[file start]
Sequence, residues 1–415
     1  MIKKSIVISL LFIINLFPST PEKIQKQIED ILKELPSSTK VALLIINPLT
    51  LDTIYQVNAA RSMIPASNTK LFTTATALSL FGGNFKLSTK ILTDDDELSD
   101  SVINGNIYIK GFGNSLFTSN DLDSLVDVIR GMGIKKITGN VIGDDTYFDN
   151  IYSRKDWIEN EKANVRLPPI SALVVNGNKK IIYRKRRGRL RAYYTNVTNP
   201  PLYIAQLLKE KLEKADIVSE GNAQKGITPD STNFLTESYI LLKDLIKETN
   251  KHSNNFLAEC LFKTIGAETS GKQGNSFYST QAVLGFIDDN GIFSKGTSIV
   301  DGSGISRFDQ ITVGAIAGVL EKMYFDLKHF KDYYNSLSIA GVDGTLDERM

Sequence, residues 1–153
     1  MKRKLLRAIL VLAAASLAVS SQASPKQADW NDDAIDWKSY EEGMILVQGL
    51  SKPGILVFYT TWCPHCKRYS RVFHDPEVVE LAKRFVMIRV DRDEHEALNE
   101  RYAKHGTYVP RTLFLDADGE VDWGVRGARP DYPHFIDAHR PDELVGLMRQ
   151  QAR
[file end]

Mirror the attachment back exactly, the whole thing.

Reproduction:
Sequence, residues 1–415
     1  MIKKSIVISL LFIINLFPST PEKIQKQIED ILKELPSSTK VALLIINPLT
    51  LDTIYQVNAA RSMIPASNTK LFTTATALSL FGGNFKLSTK ILTDDDELSD
   101  SVINGNIYIK GFGNSLFTSN DLDSLVDVIR GMGIKKITGN VIGDDTYFDN
   151  IYSRKDWIEN EKANVRLPPI SALVVNGNKK IIYRKRRGRL RAYYTNVTNP
   201  PLYIAQLLKE KLEKADIVSE GNAQKGITPD STNFLTESYI LLKDLIKETN
   251  KHSNNFLAEC LFKTIGAETS GKQGNSFYST QAVLGFIDDN GIFSKGTSIV
   301  DGSGISRFDQ ITVGAIAGVL EKMYFDLKHF KDYYNSLSIA GVDGTLDERM

Sequence, residues 1–153
     1  MKRKLLRAIL VLAAASLAVS SQASPKQADW NDDAIDWKSY EEGMILVQGL
    51  SKPGILVFYT TWCPHCKRYS RVFHDPEVVE LAKRFVMIRV DRDEHEALNE
   101  RYAKHGTYVP RTLFLDADGE VDWGVRGARP DYPHFIDAHR PDELVGLMRQ
   151  QAR